One of the Governor’s new trailer bills seeks to repeal the New Parent Leave Act. This is not a nod to the struggles of smaller businesses with compliance. Instead, the trailer bill seeks to amend CFRA and PDLL to apply to all employers, regardless of size. This would be a drastic expansion to job-protected leaves in California.
It is difficult to predict how the trailer bill amending CFRA and PDLL will progress during the coming months as it winds through the legislature. Should the bill be passed by the legislature and signed by the Governor, it would go into effect immediately upon signing and mean huge expenses for small businesses.
Jackson Lewis will continue to track changes with the legislation. If employers are not sure they are currently in compliance or want to plan for the potential future, they should contact a Jackson Lewis attorney to talk about their leave policies and procedures.
“What did I do wrong?” and “Am I doing this correctly?” are frequent questions from clients regarding FMLA administration. This is the 29th blog in a series highlighting some mistakes employers can inadvertently make regarding FMLA administration.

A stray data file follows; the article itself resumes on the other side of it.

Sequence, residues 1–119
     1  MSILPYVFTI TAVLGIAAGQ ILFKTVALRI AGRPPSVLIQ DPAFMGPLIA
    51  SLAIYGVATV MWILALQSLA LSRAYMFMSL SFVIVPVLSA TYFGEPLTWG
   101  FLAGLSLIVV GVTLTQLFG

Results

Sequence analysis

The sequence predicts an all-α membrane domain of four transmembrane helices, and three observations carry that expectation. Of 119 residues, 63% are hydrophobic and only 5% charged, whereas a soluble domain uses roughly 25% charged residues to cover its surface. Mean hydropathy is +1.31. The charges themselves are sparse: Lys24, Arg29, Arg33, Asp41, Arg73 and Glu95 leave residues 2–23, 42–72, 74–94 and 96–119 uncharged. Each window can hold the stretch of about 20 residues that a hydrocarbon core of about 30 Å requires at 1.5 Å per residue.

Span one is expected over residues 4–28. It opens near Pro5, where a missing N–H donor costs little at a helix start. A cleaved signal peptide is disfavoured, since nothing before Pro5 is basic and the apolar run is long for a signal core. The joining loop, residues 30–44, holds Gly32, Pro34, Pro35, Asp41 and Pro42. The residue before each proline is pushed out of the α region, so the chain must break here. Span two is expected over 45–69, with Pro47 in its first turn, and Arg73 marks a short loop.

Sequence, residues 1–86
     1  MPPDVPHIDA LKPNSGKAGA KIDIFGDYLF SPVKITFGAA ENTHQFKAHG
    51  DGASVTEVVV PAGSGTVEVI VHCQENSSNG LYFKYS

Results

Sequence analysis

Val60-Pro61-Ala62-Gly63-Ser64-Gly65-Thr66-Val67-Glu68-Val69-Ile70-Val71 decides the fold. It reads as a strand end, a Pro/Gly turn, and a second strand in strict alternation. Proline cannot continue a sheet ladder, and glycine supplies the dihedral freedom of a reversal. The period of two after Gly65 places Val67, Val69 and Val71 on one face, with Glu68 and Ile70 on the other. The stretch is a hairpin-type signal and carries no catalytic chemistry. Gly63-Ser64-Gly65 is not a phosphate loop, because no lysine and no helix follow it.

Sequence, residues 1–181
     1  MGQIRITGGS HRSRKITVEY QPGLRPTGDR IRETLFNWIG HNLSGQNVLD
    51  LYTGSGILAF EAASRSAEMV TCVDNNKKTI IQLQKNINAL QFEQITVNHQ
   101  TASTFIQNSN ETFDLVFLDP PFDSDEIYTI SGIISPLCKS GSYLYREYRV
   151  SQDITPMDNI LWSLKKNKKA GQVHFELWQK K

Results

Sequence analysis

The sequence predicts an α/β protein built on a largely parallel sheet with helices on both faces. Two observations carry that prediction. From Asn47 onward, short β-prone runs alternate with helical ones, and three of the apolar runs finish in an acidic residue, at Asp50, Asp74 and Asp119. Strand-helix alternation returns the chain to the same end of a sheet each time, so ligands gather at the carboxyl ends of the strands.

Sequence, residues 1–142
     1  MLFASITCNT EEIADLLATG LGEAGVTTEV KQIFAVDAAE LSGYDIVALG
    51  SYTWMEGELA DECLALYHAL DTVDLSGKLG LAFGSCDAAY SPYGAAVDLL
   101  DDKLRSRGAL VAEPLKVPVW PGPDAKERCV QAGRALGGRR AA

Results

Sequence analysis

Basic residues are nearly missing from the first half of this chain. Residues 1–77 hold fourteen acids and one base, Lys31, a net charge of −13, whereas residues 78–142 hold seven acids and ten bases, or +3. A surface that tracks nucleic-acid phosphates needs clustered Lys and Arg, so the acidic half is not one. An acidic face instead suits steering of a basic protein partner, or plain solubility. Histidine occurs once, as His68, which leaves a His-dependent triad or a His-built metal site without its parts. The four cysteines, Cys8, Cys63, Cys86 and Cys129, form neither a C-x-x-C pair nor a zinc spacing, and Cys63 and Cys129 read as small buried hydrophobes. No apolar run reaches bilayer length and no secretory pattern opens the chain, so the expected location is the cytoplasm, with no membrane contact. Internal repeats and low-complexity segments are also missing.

Failing to consider an employee’s potential FMLA rights in the context of the Coronavirus.
This blog post keys off of the Jackson Lewis article published on January 28, 2020, “Coronavirus Concerns in the Workplace,” which can be found here. That article mentions that the FMLA may allow employees time off under the FMLA, which we address in more detail here.
While FMLA regulations state that “the flu” ordinarily does not meet the Act’s definition of a “serious health condition,” the flu can still qualify as a serious health condition under the FMLA if it meets that definition, such as inpatient care or continuing treatment by a health care provider. Based on recent reports, the Coronavirus could qualify as a serious health condition depending upon the specific situation. Because of that, an eligible employee who contracts the Coronavirus—or one with a covered family member who comes down with the virus—may qualify for FMLA leave.
Also, eligible employees might be entitled to FMLA leave when taking time off for examinations to determine if a serious health condition exists, and evaluations of the condition, under the FMLA definition of “treatment.” Accordingly, an eligible employee may need FMLA leave to see a health care provider for the purpose of testing for Coronavirus—something that may become more common if the virus spreads.